The streets are dark and empty when we speed home ahead of our guests. At home, we dig blindly through drawers and closets full of things we never touch, things from a meaningless past time when our beautiful mother used to pour us each a glass of milk and our father did things besides cry. We retrieve plastic cups, beeswax candles, tablecloths, flashlights. In the back of the freezer, there’s a half-full package of batteries. We turn on the flashlights and place them upright around the house so that long shadows stretch into corners and over the ceiling. We toss dusty streamers over the mess of lamps on the counters and dining table. We dash from room to room, sharing our discoveries and complimenting each other’s handiwork. Our father cries and cries. When our friends arrive in several small mobs of candlelight and headlamp beams, our house is a shadowy den of draped paper and miscellaneous décor. Everyone shouts, “We don’t need the electricity!” and no one hears what our father is doing in his room.
Vivian is still glowing from her performance, and all the light from the candles and flashlights falls on her lovingly. Our friends and acquaintances from school flock to her, grasping her hands and petting her hair. They say to me, “You’re Vivian’s sister? That’s so special for you.” Vivian is grinning and talking fast, her eyes darting between the murky faces that crowd around her in the dark. She sips her drink, sets it down between a plastic lamp and a metal one, wrings her hands, picks up her drink again. She stands far away from the hallway that leads to the bedrooms and casts annoyed glances in the direction of our father’s door, which cannot be seen with all the lights out.
Her leotard is made of black glitter and her face is made of angels.
Vivian’s friends are seniors who stand in a circle and yell about the power outage. The ones wearing headlamps angle their faces downward so that they don’t blind the ones across from them, and others have their hands wrapped around tall candles with thick drops of wax hardening on their fingers. In the dark crowdedness of our living room, they look like aliens mid-ritual. “All the ice cream melted,” says one. “This feels like the apocalypse, man,” says another. I drink from a can of beer to make myself less shy.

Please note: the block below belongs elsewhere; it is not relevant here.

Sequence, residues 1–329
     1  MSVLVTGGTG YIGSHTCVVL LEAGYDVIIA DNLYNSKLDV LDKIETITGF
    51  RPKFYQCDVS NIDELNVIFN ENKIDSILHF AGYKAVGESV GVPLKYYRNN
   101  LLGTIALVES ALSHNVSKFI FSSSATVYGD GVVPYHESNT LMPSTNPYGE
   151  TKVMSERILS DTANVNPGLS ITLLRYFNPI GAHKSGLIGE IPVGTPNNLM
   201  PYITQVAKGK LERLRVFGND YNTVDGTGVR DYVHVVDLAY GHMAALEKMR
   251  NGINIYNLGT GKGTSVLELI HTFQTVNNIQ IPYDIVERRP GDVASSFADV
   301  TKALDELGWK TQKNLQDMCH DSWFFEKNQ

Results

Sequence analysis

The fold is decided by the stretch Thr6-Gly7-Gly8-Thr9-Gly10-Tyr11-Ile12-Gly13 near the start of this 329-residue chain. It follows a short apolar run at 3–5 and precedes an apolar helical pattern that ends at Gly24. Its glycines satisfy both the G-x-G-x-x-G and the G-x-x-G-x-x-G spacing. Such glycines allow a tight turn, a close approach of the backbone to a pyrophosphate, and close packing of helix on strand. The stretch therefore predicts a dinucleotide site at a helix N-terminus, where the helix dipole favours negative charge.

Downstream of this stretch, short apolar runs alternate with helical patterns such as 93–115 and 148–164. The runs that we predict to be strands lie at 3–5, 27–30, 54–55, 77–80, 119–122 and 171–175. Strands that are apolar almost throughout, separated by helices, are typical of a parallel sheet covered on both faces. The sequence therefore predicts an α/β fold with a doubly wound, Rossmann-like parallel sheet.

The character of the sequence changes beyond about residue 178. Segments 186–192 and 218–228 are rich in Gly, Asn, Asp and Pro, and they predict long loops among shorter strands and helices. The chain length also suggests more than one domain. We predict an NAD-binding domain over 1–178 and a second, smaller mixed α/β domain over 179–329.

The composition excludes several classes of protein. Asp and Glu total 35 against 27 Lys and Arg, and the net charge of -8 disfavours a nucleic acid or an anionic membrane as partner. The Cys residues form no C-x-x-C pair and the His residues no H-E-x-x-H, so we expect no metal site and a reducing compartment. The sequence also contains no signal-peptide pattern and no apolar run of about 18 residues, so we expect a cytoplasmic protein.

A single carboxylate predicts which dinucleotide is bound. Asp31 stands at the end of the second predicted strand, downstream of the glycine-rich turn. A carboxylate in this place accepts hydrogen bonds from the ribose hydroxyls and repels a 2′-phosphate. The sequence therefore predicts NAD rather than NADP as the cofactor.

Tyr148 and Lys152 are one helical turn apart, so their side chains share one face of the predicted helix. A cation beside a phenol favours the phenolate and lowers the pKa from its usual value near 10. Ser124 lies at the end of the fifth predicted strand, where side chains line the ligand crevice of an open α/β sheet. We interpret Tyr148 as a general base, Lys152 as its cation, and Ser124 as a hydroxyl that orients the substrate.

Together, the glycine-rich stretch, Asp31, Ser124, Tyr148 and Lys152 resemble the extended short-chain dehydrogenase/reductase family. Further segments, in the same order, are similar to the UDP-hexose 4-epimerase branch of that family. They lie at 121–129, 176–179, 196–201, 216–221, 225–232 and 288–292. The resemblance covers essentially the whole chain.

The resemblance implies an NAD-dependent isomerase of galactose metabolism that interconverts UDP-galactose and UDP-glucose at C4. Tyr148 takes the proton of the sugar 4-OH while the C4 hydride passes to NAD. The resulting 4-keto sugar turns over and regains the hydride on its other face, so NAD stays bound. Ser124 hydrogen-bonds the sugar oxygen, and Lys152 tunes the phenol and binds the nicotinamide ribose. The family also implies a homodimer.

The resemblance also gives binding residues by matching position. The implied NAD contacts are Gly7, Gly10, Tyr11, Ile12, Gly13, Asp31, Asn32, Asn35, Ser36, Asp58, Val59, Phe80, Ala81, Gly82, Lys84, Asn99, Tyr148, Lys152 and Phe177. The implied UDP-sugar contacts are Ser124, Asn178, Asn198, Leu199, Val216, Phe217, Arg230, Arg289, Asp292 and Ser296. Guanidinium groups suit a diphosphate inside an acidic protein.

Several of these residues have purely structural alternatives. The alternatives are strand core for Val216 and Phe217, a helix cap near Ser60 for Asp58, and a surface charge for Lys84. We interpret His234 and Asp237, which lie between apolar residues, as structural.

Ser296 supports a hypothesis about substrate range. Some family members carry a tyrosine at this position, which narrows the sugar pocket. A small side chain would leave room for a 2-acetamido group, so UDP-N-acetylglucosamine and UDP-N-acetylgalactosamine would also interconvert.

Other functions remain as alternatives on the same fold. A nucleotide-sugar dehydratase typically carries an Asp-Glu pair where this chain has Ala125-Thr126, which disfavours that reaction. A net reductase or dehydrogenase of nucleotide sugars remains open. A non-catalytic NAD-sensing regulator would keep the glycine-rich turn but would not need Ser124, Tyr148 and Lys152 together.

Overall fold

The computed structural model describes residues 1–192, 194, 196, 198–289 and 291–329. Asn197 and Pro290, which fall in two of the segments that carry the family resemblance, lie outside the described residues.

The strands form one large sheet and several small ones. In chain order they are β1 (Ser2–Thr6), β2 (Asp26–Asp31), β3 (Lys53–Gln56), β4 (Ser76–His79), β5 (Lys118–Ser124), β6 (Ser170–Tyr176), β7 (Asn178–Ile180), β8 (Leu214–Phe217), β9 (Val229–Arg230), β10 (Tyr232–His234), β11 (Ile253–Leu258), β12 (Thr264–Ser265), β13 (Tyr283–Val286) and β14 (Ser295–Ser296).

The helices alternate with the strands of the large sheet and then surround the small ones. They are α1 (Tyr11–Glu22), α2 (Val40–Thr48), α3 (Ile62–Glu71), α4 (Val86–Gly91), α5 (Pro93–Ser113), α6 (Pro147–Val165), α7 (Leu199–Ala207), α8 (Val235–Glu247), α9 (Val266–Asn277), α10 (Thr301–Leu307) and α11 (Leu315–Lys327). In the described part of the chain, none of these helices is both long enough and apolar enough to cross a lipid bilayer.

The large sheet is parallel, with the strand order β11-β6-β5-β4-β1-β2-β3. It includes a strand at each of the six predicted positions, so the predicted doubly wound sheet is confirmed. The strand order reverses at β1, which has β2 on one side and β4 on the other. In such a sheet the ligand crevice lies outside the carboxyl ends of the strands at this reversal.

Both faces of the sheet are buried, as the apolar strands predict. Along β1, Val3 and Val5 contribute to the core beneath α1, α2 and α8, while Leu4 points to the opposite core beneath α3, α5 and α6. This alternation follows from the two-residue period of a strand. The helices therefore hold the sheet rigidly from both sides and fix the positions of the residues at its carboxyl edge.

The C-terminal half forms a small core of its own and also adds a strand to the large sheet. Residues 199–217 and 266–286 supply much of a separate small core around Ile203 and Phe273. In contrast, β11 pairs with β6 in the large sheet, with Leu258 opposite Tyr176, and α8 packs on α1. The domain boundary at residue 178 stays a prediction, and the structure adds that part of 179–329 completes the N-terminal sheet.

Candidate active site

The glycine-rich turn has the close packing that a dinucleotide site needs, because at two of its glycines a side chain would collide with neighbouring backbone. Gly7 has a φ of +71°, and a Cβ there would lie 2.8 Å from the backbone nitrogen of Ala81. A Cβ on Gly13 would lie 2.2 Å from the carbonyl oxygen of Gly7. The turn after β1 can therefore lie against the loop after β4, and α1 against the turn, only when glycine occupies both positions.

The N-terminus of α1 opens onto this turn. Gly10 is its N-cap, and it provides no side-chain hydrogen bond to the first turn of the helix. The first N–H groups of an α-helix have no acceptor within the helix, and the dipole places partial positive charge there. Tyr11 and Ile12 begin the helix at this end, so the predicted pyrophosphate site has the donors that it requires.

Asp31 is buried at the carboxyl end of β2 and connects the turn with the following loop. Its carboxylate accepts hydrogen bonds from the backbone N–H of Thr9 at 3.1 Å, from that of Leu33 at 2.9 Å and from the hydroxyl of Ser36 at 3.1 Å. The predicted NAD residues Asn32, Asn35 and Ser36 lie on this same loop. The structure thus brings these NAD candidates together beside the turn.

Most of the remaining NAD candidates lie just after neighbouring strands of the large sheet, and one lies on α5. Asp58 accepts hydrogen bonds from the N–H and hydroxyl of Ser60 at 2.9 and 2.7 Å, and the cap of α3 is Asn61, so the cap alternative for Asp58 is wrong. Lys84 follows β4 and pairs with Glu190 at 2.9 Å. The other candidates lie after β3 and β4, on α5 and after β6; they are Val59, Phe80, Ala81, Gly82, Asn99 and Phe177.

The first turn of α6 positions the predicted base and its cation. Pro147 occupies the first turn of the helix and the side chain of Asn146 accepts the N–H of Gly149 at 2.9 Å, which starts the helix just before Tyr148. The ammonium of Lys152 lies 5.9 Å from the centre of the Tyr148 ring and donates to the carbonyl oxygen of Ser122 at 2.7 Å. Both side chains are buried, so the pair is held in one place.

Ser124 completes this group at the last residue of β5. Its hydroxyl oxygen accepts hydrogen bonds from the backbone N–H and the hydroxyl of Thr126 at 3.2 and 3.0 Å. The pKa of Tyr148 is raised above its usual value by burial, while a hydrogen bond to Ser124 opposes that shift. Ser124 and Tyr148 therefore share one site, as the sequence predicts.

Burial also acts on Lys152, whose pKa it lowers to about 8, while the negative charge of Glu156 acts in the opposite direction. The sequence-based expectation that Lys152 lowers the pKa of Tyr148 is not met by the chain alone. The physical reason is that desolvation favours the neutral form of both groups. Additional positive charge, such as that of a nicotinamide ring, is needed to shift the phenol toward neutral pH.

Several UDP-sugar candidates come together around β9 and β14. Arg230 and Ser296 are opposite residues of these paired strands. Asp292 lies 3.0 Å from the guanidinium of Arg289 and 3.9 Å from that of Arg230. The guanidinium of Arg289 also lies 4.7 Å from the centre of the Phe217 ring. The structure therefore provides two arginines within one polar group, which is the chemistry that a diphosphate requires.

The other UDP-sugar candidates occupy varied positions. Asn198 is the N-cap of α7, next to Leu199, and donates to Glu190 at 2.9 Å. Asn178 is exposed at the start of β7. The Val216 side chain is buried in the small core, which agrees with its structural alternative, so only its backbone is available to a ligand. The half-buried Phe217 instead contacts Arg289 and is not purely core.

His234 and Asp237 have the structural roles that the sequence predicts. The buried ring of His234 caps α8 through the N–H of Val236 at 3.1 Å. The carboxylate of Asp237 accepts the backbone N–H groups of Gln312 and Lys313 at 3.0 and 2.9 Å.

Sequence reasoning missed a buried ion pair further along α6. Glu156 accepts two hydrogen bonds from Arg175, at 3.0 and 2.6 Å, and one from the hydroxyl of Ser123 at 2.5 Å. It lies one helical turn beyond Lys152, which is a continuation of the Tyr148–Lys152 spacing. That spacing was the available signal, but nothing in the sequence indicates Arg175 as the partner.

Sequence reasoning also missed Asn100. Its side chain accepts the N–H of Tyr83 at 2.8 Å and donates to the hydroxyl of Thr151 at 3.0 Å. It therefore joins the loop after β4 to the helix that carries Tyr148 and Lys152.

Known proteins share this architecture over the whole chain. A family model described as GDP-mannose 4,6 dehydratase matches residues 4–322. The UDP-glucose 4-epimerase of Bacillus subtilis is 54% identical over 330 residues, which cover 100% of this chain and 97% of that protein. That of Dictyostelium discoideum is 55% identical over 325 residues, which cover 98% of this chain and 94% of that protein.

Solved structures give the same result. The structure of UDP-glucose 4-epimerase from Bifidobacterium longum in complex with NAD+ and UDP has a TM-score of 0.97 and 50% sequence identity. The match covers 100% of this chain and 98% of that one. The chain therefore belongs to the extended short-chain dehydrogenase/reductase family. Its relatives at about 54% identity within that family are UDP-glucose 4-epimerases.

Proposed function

“You have such a beautiful home,” a senior named Rodney tells me. “Did you know my grandma lives on the seventeenth floor of her apartment? She won’t make it to church this Sunday, I guess.”
“Shut up, Rodney,” says Abraham from the lacrosse team. Abraham is the mean one. He clutches a can of malt liquor and has a patchy beard and a big, chunky headlamp sticking out from his forehead. He takes long strides from person to person in our home, saying abrasive words and jostling our lamps. He keeps saying, “Who’s crying? Do you guys hear that blubbering?” I can hear it—our father’s cries have grown more frantic, and his gasps and groans permeate the living room in gentle waves.
Vivian says, “We got this lamp at Target. We got this lamp at Walmart. We got this lamp at the antique store; it’s trash.”
“I can’t believe your parents are okay with this,” a long-necked dancer says.
“They’re losers,” says Vivian. I catch glimpses of her face and she looks ghoulish and worried. Abraham says again, “Do you guys hear that? Someone’s crying like a bitch in here.”
“Oh, my gosh, Abraham,” says the long-necked dancer.
Our father’s sobs have become noticeable above the din of the party. Conversations die down as harsh headlamp beams fall down the hallway. The plain brown of his bedroom door is illuminated. Vivian and I watch as Abraham stomps down the hallway followed by his lacrosse teammates, who are much shorter than him, and the long-necked dancer. Abraham presses his ear to the door and concentrates like he’s listening for a heartbeat. “Shouldn’t we stop him?” I say to Vivian.
Vivian isn’t listening to me. She pushes past Abraham’s petite friends and stands next to Abraham, moving her body with the perfect control and quiet anger she is so good at. She unlocks the door. “Stop crying,” she says. As always, the crying continues. Vivian opens the door. “STOP CRYING,” she repeats into the pitch black room, and she and her friends flood into it.
I peer between the bodies that push their way into our father’s room, slowly filling it with light from the hallway. I haven’t looked at my father in months. We see the matted shag carpeting littered with rags and washcloths. We see the rickety wooden chair and our father hunched over in it, his face shiny and wet and bright red. His eyes glisten in the white and yellow light that ravages his face, erasing shadows and making the tears glitter as they roll down his cheeks. His head falls back, and he moans, unaware of the bodies surrounding him. With his eyes blinking open and shut, our father says, “Girls? Girls?”
Our friends are muttering: “What’s wrong with that man?” I stare at my sister instead of him. She is standing beside our father with her arms pressed firmly to her sides, the muscles tense and sinewy. “What is wrong with him?,” our friends repeat. I wait in desperation for my sister to answer them. She looks down at our father with a sneer on her face, standing back where the lights don’t shine on her. Tomorrow she will lock him in his room again, but for a moment, Vivian wants him gawked at and humiliated, and so he is. She says, “I have no idea what’s wrong with him. Everyone, get a good look. You’ll never see anything like this again.”